Updated: Feb 6, 2018
June 21, 2017- Skilled Wound Care
Learning never stops.
At our recent provider’s retreat in Palm Springs, we were reminded of what really sets our physicians apart: they are committed to lifelong learning. We welcomed our largest turnout yet: a full seventy percent of our doctors came out to hear the latest news in wound care, to learn the latest best practices and techniques, and to challenge their own understanding of how to provide the best care.
We were inspired to ask ourselves, what makes someone a lifelong learner? And what can stand in the way?
Growth vs. fixed mindsets
One recent explanation that’s gained tremendous traction is the idea of mindsets: that someone’s attitude toward learning is a huge component of their success (or failure). Stanford psychologist Carol Dweck explains:
“In a fixed mindset, people believe their basic qualities, like their intelligence or
talent, are simply fixed traits. They spend their time documenting their intelligence or talents instead of developing them. They also believe that talent alone creates success - without effort. They’re wrong.
In a growth mindset, people believe that their most basic abilities can be developed through dedication and hard work - brains and talent are just the starting point. This view creates a love of learning and a resilience that is essential for great accomplishment. Virtually all great people have had these qualities.” (Carol Dweck)
And it doesn’t just apply to individuals - Dweck and her colleagues have also studied companies, and have found that at organizations that promote learning, collaboration, openness, and innovation, people report much higher levels of satisfaction, job performance, and happiness. (We are much too modest to mention our 90% job satisfaction rate here. Whoops, no we’re not.)
On the other hand, at companies with a more fixed-mindset approach, employees routinely reported a culture of secrets, intense fear of failure, an unwillingness to take risks, and corner-cutting.
It’s undeniable that a growth mindset - both at the individual and at the organizational level - is instrumental to success. We don’t have to look any further than our dedicated providers at our retreat to remember that. So what can stand in the way?
Sometimes, Dweck says, in spite of the fact that we really want to be open and innovative, we fall into mental traps. She outlines three common misconceptions:
“I already have it, and I always have.” Being flexible, positive, or open-minded is not the same as having a growth mindset. Nobody - no matter how positive - has a “pure” growth mindset; we all can be defensive or insecure about something, and fall into patterns that keep us from growing.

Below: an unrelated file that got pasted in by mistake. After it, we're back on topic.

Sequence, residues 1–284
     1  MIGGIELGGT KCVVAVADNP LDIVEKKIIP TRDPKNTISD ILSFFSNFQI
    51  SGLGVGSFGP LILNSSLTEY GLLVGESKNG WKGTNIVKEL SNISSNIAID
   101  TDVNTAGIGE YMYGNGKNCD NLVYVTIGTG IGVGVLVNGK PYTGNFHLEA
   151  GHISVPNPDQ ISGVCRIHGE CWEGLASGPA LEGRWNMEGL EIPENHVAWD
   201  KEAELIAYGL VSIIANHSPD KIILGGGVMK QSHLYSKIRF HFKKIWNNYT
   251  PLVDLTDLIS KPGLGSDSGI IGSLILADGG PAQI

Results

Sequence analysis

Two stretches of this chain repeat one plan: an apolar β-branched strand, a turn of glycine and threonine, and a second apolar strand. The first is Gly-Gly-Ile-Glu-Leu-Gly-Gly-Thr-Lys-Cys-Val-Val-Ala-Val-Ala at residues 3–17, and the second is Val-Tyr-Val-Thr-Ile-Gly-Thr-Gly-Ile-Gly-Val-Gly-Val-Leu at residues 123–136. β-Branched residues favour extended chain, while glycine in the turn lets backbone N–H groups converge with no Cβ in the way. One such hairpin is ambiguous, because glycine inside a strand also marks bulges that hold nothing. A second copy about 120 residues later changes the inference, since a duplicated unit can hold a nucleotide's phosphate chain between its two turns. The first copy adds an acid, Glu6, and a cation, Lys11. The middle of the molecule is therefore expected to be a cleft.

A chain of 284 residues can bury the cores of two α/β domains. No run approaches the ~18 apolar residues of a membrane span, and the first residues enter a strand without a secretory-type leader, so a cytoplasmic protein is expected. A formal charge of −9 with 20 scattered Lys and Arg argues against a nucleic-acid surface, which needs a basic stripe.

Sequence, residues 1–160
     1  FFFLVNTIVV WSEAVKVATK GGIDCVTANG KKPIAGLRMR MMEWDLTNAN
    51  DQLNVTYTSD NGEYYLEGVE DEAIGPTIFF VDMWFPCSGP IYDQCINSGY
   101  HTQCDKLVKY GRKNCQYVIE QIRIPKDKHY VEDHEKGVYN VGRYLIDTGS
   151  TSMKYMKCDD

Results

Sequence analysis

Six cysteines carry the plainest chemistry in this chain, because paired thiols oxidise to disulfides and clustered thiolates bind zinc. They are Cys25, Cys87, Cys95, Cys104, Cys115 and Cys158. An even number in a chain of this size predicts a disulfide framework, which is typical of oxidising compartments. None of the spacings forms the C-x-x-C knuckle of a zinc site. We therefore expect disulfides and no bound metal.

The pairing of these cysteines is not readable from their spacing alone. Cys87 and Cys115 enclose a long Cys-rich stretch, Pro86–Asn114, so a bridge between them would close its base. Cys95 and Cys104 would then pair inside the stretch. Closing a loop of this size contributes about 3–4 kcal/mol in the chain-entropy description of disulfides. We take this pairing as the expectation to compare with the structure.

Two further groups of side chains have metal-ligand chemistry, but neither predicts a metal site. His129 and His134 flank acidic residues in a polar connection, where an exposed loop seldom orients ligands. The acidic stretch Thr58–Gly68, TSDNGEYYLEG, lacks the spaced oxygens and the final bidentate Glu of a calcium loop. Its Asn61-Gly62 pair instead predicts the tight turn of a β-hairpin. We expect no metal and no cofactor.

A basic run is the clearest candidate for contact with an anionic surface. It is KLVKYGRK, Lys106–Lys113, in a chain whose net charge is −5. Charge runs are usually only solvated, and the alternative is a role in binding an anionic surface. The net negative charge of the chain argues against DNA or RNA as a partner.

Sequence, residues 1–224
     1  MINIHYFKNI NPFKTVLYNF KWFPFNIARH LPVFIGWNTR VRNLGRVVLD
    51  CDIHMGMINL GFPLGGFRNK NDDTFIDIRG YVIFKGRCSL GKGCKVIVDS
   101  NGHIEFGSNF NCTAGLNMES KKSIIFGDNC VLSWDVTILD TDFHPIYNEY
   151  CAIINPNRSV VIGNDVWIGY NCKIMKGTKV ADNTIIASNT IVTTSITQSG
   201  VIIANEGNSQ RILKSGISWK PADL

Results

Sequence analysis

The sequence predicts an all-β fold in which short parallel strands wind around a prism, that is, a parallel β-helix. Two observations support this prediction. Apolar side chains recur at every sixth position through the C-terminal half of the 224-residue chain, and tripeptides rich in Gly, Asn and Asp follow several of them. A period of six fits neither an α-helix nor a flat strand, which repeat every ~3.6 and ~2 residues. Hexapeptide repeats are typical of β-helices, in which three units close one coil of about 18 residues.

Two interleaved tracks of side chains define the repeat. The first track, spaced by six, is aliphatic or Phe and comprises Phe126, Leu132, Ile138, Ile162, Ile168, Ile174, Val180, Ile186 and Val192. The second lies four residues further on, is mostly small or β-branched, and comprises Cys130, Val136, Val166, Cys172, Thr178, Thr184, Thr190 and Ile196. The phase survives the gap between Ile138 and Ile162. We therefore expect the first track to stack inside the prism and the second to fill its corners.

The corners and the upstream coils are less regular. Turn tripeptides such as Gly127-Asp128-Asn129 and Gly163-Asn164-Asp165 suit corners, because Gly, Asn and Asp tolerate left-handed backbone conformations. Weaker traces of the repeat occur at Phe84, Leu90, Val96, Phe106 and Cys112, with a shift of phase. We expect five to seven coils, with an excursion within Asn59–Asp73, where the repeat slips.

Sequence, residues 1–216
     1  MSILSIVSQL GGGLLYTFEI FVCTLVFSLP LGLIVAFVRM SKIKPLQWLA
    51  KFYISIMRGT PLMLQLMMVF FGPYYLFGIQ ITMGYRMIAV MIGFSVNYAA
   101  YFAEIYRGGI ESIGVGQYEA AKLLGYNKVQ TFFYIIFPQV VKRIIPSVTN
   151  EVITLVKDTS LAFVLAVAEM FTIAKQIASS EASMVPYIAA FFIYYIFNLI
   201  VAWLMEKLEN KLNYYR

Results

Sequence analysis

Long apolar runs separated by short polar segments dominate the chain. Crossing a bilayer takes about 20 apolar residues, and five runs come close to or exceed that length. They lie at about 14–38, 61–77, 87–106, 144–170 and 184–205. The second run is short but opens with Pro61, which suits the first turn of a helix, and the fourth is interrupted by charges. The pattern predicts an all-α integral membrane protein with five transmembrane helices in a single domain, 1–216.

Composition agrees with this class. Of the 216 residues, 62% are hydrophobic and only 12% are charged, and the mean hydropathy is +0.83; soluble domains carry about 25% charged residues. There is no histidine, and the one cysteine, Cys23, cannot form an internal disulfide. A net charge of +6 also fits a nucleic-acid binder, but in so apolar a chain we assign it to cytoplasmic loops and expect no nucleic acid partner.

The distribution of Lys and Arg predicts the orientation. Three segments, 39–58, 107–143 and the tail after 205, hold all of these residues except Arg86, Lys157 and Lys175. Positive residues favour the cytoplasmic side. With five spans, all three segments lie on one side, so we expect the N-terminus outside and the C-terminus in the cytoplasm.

“Good job!” Unproductive efforts, says Dweck, is never a good thing. Outcomes matter. She writes: “It’s critical to reward not just effort but learning and progress, and to emphasize the processes that yield these things, such as seeking help from others, trying new strategies, and capitalizing on setbacks to move forward effectively. In all of our research, the outcome — the bottom line — follows from deeply engaging in these processes.”
“Growth mindset = good things happening.” Growth means being uncomfortable, taking risks, and trying new things. Some of those things, inevitably, will not work out. Writes Dweck, “[Growth mindset organizations] reward employees for important and useful lessons learned, even if a project does not meet its original goals. They support collaboration across organizational boundaries rather than competition among employees or units. They are committed to the growth of every member, not just in words but in deeds, such as broadly available development and advancement opportunities.”
Offering opportunities to continually grow and develop - with the full understanding that that growth may not always be comfortable! - is why we bring our providers together multiple times a year.
So thank you, to all our wonderful doctors and physicians’ assistants, who embody a lifelong love of learning. We can’t wait to see you at our next retreat, and to keep growing together as learners and healers.
Skilled Wound Care is a mobile surgical practice committed to transforming the chronic wound care model in nursing facilities. Wound care experts make weekly bedside visits to patients in long-term care facilities, avoiding transfers to hospitals or clinics. Our expert physicians give patients the most up-to-date and effective wound treatments, and educate facility staff on how to help patients continue to heal quickly and effectively between visits. This model of collaborative care allows SWC’s physicians to improve patients’ lives and health outcomes, to empower nursing staff, and to raise public awareness. Skilled Wound Care, along with its nurse and nursing home partners, is working every day to positively transform traditional nursing home wound care.